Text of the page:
A Winning Proposition: SmartSchools PC Day
A Smart Idea
Because computers are so expensive, many schools are left behind when it comes to the latest technologies. Big business is helping to change that picture with an ingenious partnership.
When Silicon Valley went through difficult fiscal times several years ago, there was limited money to finance schools, let alone pay for technology in the classroom. That's when corporations hooked up with state government and schools to find a solution. SmartSchools PC Day is supported by over 70 corporations. "We see a real distinction between computer literacy versus the kind of skills students will need to function in a global environment," says David Katz of sponsor corporation 3Com. "For our company to succeed in the future, we need employees who have high-level technological skills. We want to help schools understand the critical importance of these skills."
Not Just a Handout
Corporations supporting PC Day aren't simply dispensing freebies. Each grant involves rigorous application criteria, and schools must be wired and ready to demonstrate their commitment. Teachers are required to submit lesson plans explaining exactly how the technology will be integrated into their coursework -- and how they plan to evaluate the results. Last year's winning proposals swept across age groups and subjects, from vocational and special education to bilingual learning and the performing arts.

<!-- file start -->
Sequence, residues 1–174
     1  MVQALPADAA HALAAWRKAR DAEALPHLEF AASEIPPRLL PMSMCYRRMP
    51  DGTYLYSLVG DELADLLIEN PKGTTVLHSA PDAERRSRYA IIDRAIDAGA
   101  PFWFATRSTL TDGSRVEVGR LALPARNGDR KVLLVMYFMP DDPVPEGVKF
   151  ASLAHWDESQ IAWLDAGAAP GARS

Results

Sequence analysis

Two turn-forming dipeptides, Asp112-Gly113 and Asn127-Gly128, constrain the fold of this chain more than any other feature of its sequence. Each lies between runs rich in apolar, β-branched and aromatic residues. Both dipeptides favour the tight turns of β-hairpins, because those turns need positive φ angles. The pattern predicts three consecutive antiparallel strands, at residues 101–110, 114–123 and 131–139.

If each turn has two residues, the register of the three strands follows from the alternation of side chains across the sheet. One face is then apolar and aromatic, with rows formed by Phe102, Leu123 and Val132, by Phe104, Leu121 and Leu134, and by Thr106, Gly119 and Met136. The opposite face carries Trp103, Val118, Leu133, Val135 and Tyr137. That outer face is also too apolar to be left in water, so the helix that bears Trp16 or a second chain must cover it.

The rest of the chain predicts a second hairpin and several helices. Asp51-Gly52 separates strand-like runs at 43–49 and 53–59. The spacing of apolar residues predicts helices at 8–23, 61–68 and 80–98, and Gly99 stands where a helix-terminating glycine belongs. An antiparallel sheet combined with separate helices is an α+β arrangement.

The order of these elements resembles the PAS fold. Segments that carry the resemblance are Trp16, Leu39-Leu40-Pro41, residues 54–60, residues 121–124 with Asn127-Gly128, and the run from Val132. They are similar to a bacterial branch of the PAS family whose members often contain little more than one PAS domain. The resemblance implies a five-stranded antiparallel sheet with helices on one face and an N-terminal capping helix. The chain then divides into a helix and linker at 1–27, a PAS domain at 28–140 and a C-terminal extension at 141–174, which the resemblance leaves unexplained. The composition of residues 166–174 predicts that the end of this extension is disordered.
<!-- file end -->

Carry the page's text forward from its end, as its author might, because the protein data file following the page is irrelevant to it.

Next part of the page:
So far, so good. Yet statistics show that the average school district has less than one full-time coordinator for every 1000 computers. That's a fatal ratio for any successful technology program, and SmartSchools has tackled the problem head on. The solution? Tech-savvy parents and community members who provide volunteer support.
A Taste of the Future
Since the first SmartSchools PC Day in 1996, feedback from teachers shows increased participation from students, along with an enthusiastic volunteer commitment from the community. The entries for Spring 1998 were intriguing. Consider, for example, a proposal to integrate technology into a physical education course. Drawing on kids' natural interest in athletes and sporting events, it has kids using the Internet to perform research and produce written reports.
Students can compare training schedules and analyze sports statistics from other schools. They can determine how many Olympic athletes attended a particular college and what their workout regimes entailed. It's the new technology in action, connecting the physical, the cerebral, and the creative -- and it's a sign of things to come.
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